For many years, interstate truck drivers have referred to the driver logs required by federal law as “comic books.” Falsification of logs has been so common that many drivers kept two sets of logs, one for their own use and another to show to inspectors. As a trucking accident trial attorney, I have spent many hours ferreting out the misrepresentations, using loading dock tickets, fuel receipts, etc., to recreate an honest timeline. Once, when I established in deposition that a log was a complete bundle of lies, and that the trucker had been driving 20 of the previous 24 hours before he ran over a family and killed their son, the truck driver broke down and cried.
Though the technology has long been available, the trucking industry has been slow to accept a requirement of electronic on board recorders, replacing easily falsified paper logs with electronic ones. The current FMCSA rule, which will go into effect June 4, 2012, says that carriers that violate hours of service rules 10 percent of the time, based on single compliance review, must use electronic onboard recorders to track driver hours. It will affect only 5,700 of 500,000 interstate carriers.
Now, however, there is growing acceptance among trucking industry groups of the idea of electronic driver logs. The Truckload Carriers Association, American Trucking Associations, National Private Truck Council, and . National Tank Truck Carriers, and all recently announced support for federal laws and regulations that would require trucking companies to use electronic logging devices to monitor driver hours-of-service. The Owner Operator Independent Drivers Association still opposes mandatory electronic logs.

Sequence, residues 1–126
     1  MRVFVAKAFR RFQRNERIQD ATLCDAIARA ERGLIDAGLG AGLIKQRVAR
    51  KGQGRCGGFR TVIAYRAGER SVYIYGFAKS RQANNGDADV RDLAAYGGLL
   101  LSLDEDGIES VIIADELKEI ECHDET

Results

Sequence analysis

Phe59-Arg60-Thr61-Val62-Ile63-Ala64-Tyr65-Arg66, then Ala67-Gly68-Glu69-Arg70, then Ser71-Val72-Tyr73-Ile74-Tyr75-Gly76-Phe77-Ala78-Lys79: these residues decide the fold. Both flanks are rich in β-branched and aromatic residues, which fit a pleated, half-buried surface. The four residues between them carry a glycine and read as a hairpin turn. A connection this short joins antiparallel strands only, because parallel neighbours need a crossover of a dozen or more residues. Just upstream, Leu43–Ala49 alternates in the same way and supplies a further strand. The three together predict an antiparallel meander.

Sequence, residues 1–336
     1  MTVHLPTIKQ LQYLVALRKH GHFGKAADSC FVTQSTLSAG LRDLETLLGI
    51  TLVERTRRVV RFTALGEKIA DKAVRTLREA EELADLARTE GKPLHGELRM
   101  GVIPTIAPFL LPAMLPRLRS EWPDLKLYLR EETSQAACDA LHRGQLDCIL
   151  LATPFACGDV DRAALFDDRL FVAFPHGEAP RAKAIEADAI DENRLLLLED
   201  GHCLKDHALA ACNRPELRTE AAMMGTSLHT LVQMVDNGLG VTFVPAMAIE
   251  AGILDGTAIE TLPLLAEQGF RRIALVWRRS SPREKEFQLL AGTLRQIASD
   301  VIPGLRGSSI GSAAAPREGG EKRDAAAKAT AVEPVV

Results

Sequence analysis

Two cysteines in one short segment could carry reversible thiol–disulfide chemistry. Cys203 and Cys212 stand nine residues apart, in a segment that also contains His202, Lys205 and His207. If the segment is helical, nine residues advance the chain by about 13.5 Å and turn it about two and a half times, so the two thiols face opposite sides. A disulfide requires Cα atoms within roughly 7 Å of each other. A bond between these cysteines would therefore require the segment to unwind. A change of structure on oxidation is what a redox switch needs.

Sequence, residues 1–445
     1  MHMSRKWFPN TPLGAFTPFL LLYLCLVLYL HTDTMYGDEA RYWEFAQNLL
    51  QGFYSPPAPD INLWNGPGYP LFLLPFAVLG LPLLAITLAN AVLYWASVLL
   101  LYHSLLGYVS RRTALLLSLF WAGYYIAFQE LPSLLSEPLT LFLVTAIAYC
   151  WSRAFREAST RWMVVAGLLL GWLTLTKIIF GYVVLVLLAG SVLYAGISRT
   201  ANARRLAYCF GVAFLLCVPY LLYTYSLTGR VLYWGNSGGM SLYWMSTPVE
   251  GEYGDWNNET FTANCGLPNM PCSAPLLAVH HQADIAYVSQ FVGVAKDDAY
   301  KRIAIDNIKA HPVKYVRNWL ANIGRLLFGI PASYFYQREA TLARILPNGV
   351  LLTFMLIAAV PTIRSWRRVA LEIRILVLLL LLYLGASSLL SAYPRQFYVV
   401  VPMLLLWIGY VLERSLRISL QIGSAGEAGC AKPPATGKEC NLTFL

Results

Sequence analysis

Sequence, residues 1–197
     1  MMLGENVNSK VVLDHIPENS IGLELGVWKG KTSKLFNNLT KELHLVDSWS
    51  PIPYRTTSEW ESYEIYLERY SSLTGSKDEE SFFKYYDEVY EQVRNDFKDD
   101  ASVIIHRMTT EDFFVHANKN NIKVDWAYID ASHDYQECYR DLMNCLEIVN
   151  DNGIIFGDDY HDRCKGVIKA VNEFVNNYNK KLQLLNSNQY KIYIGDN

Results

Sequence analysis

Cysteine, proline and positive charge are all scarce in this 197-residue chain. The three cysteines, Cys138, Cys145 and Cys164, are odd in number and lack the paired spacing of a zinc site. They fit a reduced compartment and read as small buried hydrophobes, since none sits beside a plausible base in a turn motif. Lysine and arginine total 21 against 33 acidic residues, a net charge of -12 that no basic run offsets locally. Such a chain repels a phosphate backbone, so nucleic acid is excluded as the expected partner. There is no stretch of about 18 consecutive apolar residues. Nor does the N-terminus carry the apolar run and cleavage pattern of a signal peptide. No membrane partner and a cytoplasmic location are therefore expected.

Of course, the devil is often in the details. As long as there is an economic motivation to cheat, there will be those who find a way to do so. As electronic logging systems become more common, those of us whose job it is to look behind the surface to determine the truth will be required to become more sophisticated about detection of falsified electronic records.
Ken Shigley is an Atlanta, Georgia, trial attorney. He has been designated a “Super Lawyer” (Atlanta Magazine), one of the “Legal Elite” (Georgia Trend), and rated “AV Preeminent” by Martindale-Hubbell Legal Directory. He is author of Georgia Law of Torts: Trial Preparation & Practice (West, 2010), a Certified Civil Trial Attorney of the National Board of Trial Advocacy, and currently president-elect of the 42,000 member State Bar of Georgia. He has extensive experience in litigation and trial of cases involving serious personal injury, wrongful death, trucking accidents, automobile accidents, products liability, premises liability, and insurance. Mr. Shigley is a graduate of Furman University and Emory University Law School. This blog post is subject to our ethical disclaimer.